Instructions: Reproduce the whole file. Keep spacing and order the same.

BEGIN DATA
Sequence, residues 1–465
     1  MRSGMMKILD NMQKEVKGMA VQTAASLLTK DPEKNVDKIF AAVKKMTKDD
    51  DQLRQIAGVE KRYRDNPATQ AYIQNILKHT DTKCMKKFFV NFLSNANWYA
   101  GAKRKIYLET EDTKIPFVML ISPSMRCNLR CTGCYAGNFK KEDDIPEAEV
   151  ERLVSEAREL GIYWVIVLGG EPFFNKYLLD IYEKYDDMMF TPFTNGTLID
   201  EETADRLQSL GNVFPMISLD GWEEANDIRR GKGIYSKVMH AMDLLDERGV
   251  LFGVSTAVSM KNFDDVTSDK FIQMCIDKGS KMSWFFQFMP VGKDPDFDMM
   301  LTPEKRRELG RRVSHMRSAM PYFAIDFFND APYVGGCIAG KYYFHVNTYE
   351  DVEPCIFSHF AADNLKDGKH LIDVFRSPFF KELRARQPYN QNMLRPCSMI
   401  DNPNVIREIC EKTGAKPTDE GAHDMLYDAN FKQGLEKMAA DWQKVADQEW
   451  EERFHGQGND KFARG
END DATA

Sequence, residues 1–465
     1  MRSGMMKILD NMQKEVKGMA VQTAASLLTK DPEKNVDKIF AAVKKMTKDD
    51  DQLRQIAGVE KRYRDNPATQ AYIQNILKHT DTKCMKKFFV NFLSNANWYA
   101  GAKRKIYLET EDTKIPFVML ISPSMRCNLR CTGCYAGNFK KEDDIPEAEV
   151  ERLVSEAREL GIYWVIVLGG EPFFNKYLLD IYEKYDDMMF TPFTNGTLID
   201  EETADRLQSL GNVFPMISLD GWEEANDIRR GKGIYSKVMH AMDLLDERGV
   251  LFGVSTAVSM KNFDDVTSDK FIQMCIDKGS KMSWFFQFMP VGKDPDFDMM
   301  LTPEKRRELG RRVSHMRSAM PYFAIDFFND APYVGGCIAG KYYFHVNTYE
   351  DVEPCIFSHF AADNLKDGKH LIDVFRSPFF KELRARQPYN QNMLRPCSMI
   401  DNPNVIREIC EKTGAKPTDE GAHDMLYDAN FKQGLEKMAA DWQKVADQEW
   451  EERFHGQGND KFARG